Albany Democrat-Herald from Albany, Oregon on March 21, 2012 · 1
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Albany Democrat-Herald from Albany, Oregon · 1

Albany, Oregon
Issue Date:
Wednesday, March 21, 2012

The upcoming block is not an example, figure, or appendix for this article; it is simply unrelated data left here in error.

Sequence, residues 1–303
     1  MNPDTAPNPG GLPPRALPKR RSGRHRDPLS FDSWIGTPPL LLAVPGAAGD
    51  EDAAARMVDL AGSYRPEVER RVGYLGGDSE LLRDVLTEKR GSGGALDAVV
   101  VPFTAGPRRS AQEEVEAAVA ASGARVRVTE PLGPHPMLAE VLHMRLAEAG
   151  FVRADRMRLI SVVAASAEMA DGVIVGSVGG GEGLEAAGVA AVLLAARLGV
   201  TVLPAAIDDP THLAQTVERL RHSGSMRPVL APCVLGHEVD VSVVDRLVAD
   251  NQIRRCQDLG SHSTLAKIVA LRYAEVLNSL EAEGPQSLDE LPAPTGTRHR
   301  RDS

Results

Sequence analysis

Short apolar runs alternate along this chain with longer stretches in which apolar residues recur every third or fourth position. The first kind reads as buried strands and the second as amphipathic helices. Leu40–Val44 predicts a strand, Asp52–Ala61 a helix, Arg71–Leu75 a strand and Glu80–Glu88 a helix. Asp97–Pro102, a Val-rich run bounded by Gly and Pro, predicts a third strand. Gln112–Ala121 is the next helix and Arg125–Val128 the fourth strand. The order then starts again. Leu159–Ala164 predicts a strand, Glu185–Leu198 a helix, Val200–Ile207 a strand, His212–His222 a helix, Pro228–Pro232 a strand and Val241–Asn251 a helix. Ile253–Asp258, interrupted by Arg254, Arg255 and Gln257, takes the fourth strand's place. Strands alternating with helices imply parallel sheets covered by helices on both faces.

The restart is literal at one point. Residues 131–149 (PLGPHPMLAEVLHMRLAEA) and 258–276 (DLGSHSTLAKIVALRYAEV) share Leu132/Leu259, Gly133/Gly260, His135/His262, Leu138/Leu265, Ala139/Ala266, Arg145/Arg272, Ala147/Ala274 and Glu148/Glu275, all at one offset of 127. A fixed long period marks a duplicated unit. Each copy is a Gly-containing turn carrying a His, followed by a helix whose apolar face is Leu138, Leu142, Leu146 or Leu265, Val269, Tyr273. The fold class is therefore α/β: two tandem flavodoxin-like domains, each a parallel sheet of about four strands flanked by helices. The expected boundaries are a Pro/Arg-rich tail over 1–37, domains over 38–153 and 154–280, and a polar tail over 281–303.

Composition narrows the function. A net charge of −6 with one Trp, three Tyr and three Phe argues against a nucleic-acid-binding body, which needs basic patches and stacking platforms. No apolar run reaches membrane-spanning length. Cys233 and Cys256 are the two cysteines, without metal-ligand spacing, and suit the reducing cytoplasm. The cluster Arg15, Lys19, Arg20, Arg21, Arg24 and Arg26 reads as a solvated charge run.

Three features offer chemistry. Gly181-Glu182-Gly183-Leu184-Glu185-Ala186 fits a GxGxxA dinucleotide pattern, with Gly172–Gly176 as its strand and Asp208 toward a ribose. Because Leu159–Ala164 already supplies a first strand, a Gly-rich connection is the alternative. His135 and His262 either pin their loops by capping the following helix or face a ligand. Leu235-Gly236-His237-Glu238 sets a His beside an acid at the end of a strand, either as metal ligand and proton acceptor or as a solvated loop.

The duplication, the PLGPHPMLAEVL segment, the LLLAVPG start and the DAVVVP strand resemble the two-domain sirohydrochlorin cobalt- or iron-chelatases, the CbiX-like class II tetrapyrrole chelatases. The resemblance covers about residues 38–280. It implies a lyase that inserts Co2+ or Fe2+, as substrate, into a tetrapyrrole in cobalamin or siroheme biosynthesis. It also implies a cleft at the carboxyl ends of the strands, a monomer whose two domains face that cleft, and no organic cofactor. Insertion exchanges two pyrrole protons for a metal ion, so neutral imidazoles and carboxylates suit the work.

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WNIT LOSS ENDS BEAVERS' SEASON SPORTS, B1 I MM in . 1 1 iii ii f i i II it I ""rSwiP KNIGHT US EUGENE OR 9u: WORLD MOTE Mitt Romney took a major stride toward the Republican presidential nomination Tuesday night, rout- : ing Rick Santorum in the Illinois primary for his third big-state win in a row and padding his already-formidable lead in the race for convention delegates. Returns from 98 percent of Illinois' precincts snowed Romney gaining 47 percent of the vote compared to 35 percent for SantorumA9. A 7.4-magnitude earthquake hit southern Mexico on Tuesday, damaging some 800 homes near the epicenter and swaying tall buildings and spreading fear and panic hundreds of miles away in the capital of Mexico City. Tuesday's earthquake hit hardest in border area of southern Oaxaca and Guerrero statesB5. Mixing deep cuts to safety-net programs for the poor with politically risky cost curbs for Medicare, Republicans controlling the House unveiled an election-year budget blueprint Tuesday that paints clear campaign differences with President Barack Obama. Republicans cast themselves as stepping up to a federal deficit crisis long ignored by both parties, while Democrats and their allies responded with promises to protect the elderly and the poor from drastic cuts they said would harm the most vulnerable AmericansA9. The U.S. suspect in the slaughter of 16 villagers in Afghanistan has a trail of shaky financial dealings -from working in penny-stock boiler rooms that drew numerous client complaints, to an unpaid $1.5 million fraud judgment, to a failed investment partnership with a former high school football teammate, records show. Staff Set. Robert Bales joined the Army in 2001 after a Florida investment 1 ft 11 ousiness iauea ana arter ne naa worked with a string of securities operations with one company official now barred from trading in OhioA12. Svrian soldiers hacked hv tanks seized the eastern city of Deir el-Zour from rebels on Tuesday, the latest opposition stronghold to fall to an offensive by the better equipped Syrian military. A bill designed to enact President Obama's plan for a "Buffett rule" tax on the wealthy would rake in just $47 billion over the next 11 years, according to an estimate by Con gress' official tax analysts obtained by The Associated Press. That fig ure would be a drop in the bucket of the over $7 trillion in federal budget deficits projected during that period. It is also minuscule compared to the many hundreds of billions it would cost to repeal the alternative minimum tax, which Obama's budget last month said he would replace with the Buffett rule tax. A new clue In one of the 20th century's most enduring mysteries could soon uncover the fate of American aviator Amelia Earhart, who went missing without a trace over the South Pacific 75 years ago, investigators said Tuesday. Enhanced analysis of a photograph taken just months after Earhart's Lockheed Electra plane vanished shows what experts think may be the landing gear of the aircraft protruding from the waters of f the remote island of Nikumaroro, in what is now the Pacific nation of Kiribati, they saidB8. In Sanford, Fla., an unarmed black .teenager shot to death by a neigh borhood watch captain told his girlfriend moments before he was killed that he was being followed, a lawyer said Tuesday as federal and state prosecutors announced they would investigate. "'Oh he's right behind me, he's right behind me again,"' 17-year-old Trayvon Martin told his girlfriend on his cellphoneA12. . Associated Press V 10 t 1 A T v 1 . Mark 1 lenDemocrat-Herald Members of art archeological crew examine the ground along Riverside Drive while doing preliminary Work for Northwest Natural. Activity part of NW Natural plan to replace pipes BY CATHY INGALLS ALBANY DEMOCRAT-HERALD A work crew last week peered into the grass beside sections of Riverside Drive and then scribbled notes. ' . What were they doing? The activity turns out to be in preparation forNW Natural's plan to extend and replace transmission lines fai parts of the mid-valley. "They are scouting out where the new lines will go to make sure work doesn't disturb any historic cultural areas," said Valerie White, NW Natural spokeswoman in Portland. " Line work near Riverside Drive is expected to start this summer and be completed before winter." v The $15 million extension and replacement project will increase the reliability of the transmission system, she said. : NW Natural is replacing 12 miles of pipe laid in the 1950s and installing another 18 miles of lines. -'v . , The improvements in this area will tie into a transmission line at Perrydale, northwest of Salem. The line goes from Perrydale into Monmouth and south down 99W from Hoffman Road to Parker Road and then east to Haley Road. ... '- Work on 99W already has started. The bare steel main pipe is being replaced with coated V Lines then loop into Corvallis and Albany. " Corvallis has been a typically weak spot in the system," White said. "That means when it gets cold, line pressure gets low because of the demand. The new lines will fix that." Dennis Griffin, state archaeologist with the Oregon State Historic Preservation Office in Salem, said URS Corp. of Portland was hired to conduct cultural surveys along the pipeline route in the Monmouth, Corvallis and Albany areas."; . "Before they put a line through, we do archaeological studies so there won't be any dis -turbance of cultural areas during trenching or boring," he said. "Often these checks are done in farm fields where there has been a lot of dis turbance because of plowing." If crews from URS Corp. find something they will do further probing, Griffin said. "I haven't heard about any results, and this office would be told of anything they find," he said. If something of significance is discovered, NW Natural will avoid the site or mitigate any damage. :.; If the lines affect an historic site, NW Nat -' ural will either move a line or bore under it., Griffin said. Boring is becoming more preva- lent because of the number of creeks and wetlands in the mid-valley. "The cost of boring and trenching has gotten really close these days," he said. Before work could get started in this area, NW Natural applied for permits from Linn County, the U.S. Army Corps of Engineers and the state Department of Environmental Quality, among others. .V; The work is considered a capital projects, so the costs will be "rolled into rates eventually," White said. Lawsuit filed over labor commissioner election BY JONATHAN J. COOPER ASSOCIATED PRESS PORTLAND - The two candidates for Oregon labor commissioner have spent months asking voters for support in the election this May. So they were a bit surprised to find out re cently that the election won't actually happen until six months later, in November. ; State elections officials say a quirk in an obscure 2009 election law requires them to alter the election schedule, but only for this one office and only for this year. Republican Bruce Starr filed suit Tuesday, asking a judge to order that candidates for labor commissioner appear on the ballot in May, as they historically have. ' Starr said he found out about the change on Friday, when a campaign staffer made a routine call to be sure everything was in order with his statement for the voter pamphlet; Democrat Brad Avakian, the incumbent, found out from a reporter Monday night, an aide said.1 'v Starr, a state senator from Hillsboro, accused Democratic Secretary of State Kate Brown of playing politics with the election to help a fellow Democrat. He argues that Avakian might . have an easier victory in November if he shares a ballot with President Obama, who remains popular in Oregon. -: ,. "They don't want their candidate to lose, and we're confident we are in a position to be very, very competitive in May," Starr said. "I believe the cohorts who run our state basically said they want to give their candidate an advantage." Brown fought back against allegations she r -A --fit 1 , t di 11 Bruce Starr Brad Avakian called "outrageous and unfounded," saying her Starr's lawyer argues. office is enforcing a "very clear" law. "This is an issue of election law, not politics," Brown said in a statement. In most years, candidates for nonpartisan of -fices like labor commissioner appear on the May primary ballot, and if nobody gets a major ity, the top-two candidates face each other in November. With only two candidates on the ballot this year, the candidates and other political observers widely assumed the race would be de-cided in May. , The legal dispute is the result of an improvised solution to a problem that began when Dan Gardner resigned as labor commissioner in the second year of a four-year term in 2008, touching off a special election later that year to replace him. Lawyers said then that the election would be for a full four-year term, not to finish Gardner's term. But as a result, labor commissioners would be elected in presidential election years despite historically being chosen in midterm elections. 1 1 v . - The Legislature voted in 2009 to get the cycle back on track, approving House Bill 2095 to limit the labor commissioner elected in 2012 to a two-year term. But the words in the bill leave room for disagreement. The measure said that the term of the labor commissioner "elected at the general election November 2012 shall be two years." Now, a Marion County Circuit Court judge will have to decide whether that language means a labor commissioner cannot be chosen in May this year, as Brown's office argues, or whether the standard election law applies, as Albany & Eastern RR will upgrade line to S. Home SWEET HOME - The Albany & East -ern Railroad has plans to upgrade its line from Lebanon to Sweet Home, and has called a public meeting to talk about the project. Itwillbeat 6:30p.m. Thursdayatthe Jim Riggs Community Center, 890 18th Ave. . The company plans to replace more than 32,000 railroad ties from Lebanon to Sweet will also remove brush and rebuild crossings, which could lead to traffic congestion at times. . The company's goal is to bring the railroad line up to Federal Railroad Admin-' istration standards. Currently, speeds are limited to 3 mph in places. When upgraded, speeds of up to 25 mph will be allowed. The Albany & Eastern Railroad has been owned since 2007 by Rick and Bernice Franklin of Lebanon, but its his-; tory dates back to 1880 with the forma-; tion of the Albany-Lebanon Railroad.; Ownership has changed several times of. the years. Estimated cost of the repairs is $4 million. The Oregon Department of Transportation will provide about $2.6 million in lottery funds through the Connect Oregon III program. Connect Oregon was developed by the state as way of revitalizing the state's non-highway infrastructure. Alex Paul Today's Outlook Periods of rain High: 49 Low. 36 Calendar.. A4 Lotteries........ ,.A2 Sodoku.. Classified ,,..B8 Markets....... All TV ...... Comics.;....; 87. Obituaries .............. A4 Weather. Crossword ............. B12 . Opinion.-.;..........:.. A10 Legal Ads ...... . ... B10-B12 Sports. .: Bl ,.B7 ..B6 ,A12 CLASSIFIED ADS 541812-6112 SUBSCRIBER SERVICE 541-812-6115 . Volume 146 No. 69 !